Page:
Before the Smiths came … the Smiths, a 60s garage band with a penchant for emotional song titles. And they aren’t the only ones whose name was reused by a more successful act
Oh, the melodrama. Picture the scene: in a star-studded ceremony held a stone’s throw from Morrissey’s former home in LA, the Smiths are finally ushered into the Rock and Roll Hall of Fame, beating fellow nominees Janet Jackson, NWA, and Nine Inch Nails to a place at the music industry’s top table. The induction speech is full of the usual pleasantries, singing the praises of the band who revolutionised British indie music, and the night is just about to draw to a close when there’s a pause. “Does anyone know of any just cause or impediment,” asks the master of ceremonies, “why the Smiths should not be admitted to the Rock and Roll Hall of Fame?” At which point a hand goes up at the back of the room …
Meet the Smiths, the 1968 group who released a solitary 7in single when Johnny Marr was just starting primary school. The band would later find fame as Smith, adding a female vocalist called Gayle McCormick and scoring a top 5 hit in the US with a cover of Burt Bacharach’s Baby It’s You. But, for their first release, they were a male-fronted garage rock band with a love of emotional song titles. Quite how Morrissey avoided writing a heartbreak anthem called Now I Taste the Tears is a mystery, but thankfully his American forebears did the job perfectly, marrying a brooding psych melody with a vocal that progresses from anguished to brilliantly overwrought.
The flip is even better: an unlikely synthesis of country-tinged garage rock, spaced out horns and a vocal delivery reminiscent of the tougher mod bands such as the Small Faces. And placed next to each other, the two tracks form the dream Morrissey song title: I Can’t Stop Now I Taste the Tears. No hope, no harm indeed.
The Smiths aren’t the only indie outfit to have adopted a band name with previous form, of course. When Johnny Marr wanted to make a protest against David Cameron and the Tory conference at his Manchester show on Wednesday, he chose to play a cover of Crash by the Primitives. “I’ve had enough, enough of you,” he took great delight in sneering in the direction of the ring of steel. “Enough to last a lifetime.” But the Primitives weren’t the first band to be so called. Back when he was a budding Brill Building-style songwriter, Lou Reed wrote a song called The Ostrich, released by the Primitives in 1964, which parodied a craze for songs about dances (such as the glorious “The Gorilla” by the Ideals). Reed being Reed, the ostrich is also now the name for his favourite way of tuning a guitar, with all the strings set to D – a tuning that would go on to underpin many Velvet Underground classics.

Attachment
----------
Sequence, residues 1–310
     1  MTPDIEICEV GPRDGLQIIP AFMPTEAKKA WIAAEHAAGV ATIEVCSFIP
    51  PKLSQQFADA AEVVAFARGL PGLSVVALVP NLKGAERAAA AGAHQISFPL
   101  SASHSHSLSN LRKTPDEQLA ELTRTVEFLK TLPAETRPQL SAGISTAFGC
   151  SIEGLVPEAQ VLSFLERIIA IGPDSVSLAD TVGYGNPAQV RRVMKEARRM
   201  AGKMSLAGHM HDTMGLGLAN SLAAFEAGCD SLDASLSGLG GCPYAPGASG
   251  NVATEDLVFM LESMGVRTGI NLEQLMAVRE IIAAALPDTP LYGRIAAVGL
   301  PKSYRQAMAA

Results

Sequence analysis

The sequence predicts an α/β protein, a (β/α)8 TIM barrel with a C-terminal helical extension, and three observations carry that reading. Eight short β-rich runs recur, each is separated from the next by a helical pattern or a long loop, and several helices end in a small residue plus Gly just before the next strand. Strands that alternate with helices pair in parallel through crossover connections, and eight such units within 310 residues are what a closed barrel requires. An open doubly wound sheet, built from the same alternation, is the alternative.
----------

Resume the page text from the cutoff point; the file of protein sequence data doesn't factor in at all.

There’s more. Think you’re a fan of Felt, the peerless indie-pop band fronted by the reclusive genius Lawrence, who released 10 albums in the 1980s? Well before them came Felt, a US five-piece who released a single album of psychedelic rock in 1971. Is that a Pastels badge on your anorak? Before Stephen McRobbie invented C86 culture in the early 80s, there was a doo-wop band of the same name, formed by four members of the US air force stationed in Greenland, who topped the R&B charts in 1958 with a song called Been So Long. Lead singer Big Dee Irwin would go on to greater solo success, duetting with Little Eva. And might you be a fan of the Orchids, the Sarah records five-piece who recorded two albums of magnificent jangle pop for the Bristol label? Their 60s counterparts were a girl group from Coventry whose debut single, Gonna Make Him Mine, was released when they were 14 years old. The song was played on Ready Steady Go but the band themselves didn’t appear and the single wasn’t a hit. Today, though, it’s regarded as a girl group classic.
All of which prompts the question: who else is hiding in the murkier reaches of music history? If there was a 60s garage rock band called the Smiths, anything is possible. Was there a 10-piece funk outfit from Detroit called Bogshed? A country-soul act from Finland called Aztec Camera? A heavy metal band from Argentina called Camera Obscura? All tips, leads and suggestions gratefully received.
Via the Guardian